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Step 2: Screen Your Child and Talk to Your Healthcare Provider

If examining developmental milestones and understanding the signs of autism lead you to believe your child might be at risk, a developmental screening is essential. Doctors, teachers, and nurses use developmental screening to tell if children are learning basic skills when they should, or if they might have problems.

Click here to read a Developmental Screening fact sheet from the Centers for Disease Control and Prevention. 

To see if your child is meeting developmental milestones:

Ages & Stages Questionnaires®, Third Edition from Easter Seals
This is a 10-20 minute questionnaire that will help screen for a developmental delay. The results of this ASQ-3™ from Easter Seals will help you see if your child's developmental progress is on time and alert you to concerns that you can talk over with your health care provider.

To take an autism-specific screener:

Pretend play (photos courtesy Diana Robins)Modified Checklist for Autism in Toddlers (M-CHAT™)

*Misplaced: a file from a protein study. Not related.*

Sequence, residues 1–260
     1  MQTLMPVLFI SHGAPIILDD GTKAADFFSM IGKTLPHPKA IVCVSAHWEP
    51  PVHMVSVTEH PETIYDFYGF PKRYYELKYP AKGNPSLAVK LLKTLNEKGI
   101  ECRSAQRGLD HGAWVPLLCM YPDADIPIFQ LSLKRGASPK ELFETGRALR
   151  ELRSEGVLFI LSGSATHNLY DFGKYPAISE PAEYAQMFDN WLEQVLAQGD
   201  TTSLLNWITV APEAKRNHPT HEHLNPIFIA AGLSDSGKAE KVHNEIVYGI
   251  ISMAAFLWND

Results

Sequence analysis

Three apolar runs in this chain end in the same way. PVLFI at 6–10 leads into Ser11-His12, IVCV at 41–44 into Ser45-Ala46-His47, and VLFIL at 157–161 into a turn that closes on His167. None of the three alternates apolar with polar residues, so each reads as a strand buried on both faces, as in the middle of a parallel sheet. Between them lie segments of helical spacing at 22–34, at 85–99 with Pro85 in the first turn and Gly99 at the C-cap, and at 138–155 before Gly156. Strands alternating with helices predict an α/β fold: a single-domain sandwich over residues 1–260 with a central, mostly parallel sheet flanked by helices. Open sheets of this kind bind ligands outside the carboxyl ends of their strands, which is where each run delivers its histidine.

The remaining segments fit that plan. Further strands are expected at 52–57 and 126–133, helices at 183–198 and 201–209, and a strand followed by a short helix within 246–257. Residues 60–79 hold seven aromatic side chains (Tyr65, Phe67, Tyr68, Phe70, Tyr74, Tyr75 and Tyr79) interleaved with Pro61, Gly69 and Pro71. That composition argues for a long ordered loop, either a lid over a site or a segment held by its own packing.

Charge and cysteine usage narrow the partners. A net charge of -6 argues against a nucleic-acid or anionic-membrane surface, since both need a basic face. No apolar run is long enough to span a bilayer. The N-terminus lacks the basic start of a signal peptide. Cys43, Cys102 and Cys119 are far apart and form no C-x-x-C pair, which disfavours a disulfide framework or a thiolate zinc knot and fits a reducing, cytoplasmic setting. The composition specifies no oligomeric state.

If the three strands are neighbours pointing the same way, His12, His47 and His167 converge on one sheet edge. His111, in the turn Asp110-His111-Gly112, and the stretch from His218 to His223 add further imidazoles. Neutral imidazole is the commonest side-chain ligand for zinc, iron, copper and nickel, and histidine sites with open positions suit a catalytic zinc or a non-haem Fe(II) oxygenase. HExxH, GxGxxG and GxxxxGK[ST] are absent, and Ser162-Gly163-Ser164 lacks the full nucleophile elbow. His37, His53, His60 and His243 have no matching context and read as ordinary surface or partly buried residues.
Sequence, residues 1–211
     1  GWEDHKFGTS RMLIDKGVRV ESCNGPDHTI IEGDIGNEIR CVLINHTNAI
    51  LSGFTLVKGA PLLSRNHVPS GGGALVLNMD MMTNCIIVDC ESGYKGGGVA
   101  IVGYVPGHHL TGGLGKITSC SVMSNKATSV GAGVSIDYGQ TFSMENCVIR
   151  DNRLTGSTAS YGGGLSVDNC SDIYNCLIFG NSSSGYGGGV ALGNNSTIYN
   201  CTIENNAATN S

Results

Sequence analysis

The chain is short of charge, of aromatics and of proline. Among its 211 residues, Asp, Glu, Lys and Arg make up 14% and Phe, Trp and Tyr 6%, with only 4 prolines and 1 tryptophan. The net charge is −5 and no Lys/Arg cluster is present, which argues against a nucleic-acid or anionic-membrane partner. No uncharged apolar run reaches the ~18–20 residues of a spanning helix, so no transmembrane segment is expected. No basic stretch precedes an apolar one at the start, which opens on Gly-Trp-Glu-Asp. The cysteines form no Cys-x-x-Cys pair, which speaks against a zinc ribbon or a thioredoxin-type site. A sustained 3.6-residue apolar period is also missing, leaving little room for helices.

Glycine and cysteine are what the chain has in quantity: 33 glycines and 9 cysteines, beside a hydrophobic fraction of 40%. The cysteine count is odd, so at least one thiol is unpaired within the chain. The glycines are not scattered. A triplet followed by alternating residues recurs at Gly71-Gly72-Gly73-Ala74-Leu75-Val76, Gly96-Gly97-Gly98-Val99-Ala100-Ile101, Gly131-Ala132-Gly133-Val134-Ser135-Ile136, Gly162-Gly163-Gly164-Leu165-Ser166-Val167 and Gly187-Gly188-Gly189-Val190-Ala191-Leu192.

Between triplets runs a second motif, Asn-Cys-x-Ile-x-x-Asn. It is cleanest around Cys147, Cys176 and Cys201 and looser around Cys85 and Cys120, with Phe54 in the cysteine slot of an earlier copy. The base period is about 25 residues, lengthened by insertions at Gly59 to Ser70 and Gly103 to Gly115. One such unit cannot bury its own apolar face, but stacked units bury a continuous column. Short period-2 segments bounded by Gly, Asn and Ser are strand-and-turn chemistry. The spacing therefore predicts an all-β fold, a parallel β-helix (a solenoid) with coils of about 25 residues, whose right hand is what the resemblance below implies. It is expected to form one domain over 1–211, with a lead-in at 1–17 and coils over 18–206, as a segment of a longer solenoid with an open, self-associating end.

The M-CHAT™ is a scientifically validated tool for screening children between 16 and 30 months of age to assess their risk for autism spectrum disorder. The primary goal is to detect as many cases of ASD as possible. The American Academy of Pediatrics (AAP) recommends that all children receive autism screening at 18 and 24 months of age, and the M-CHAT is one of the AAP’s recommended tools.

Talk to Your Healthcare Provider

If these screenings reveal that your child's developmental progress is not on time, it is time for a proper evaluation. Tell your child's pediatrician about your concerns and ask for an evaluation. He or she can refer you to a physician or psychologist for a more thorough evaluation and possible diagnosis.

It is important to address your concerns as soon as possible!

Step 3: Access Early Intervention Services 

Back to Step 1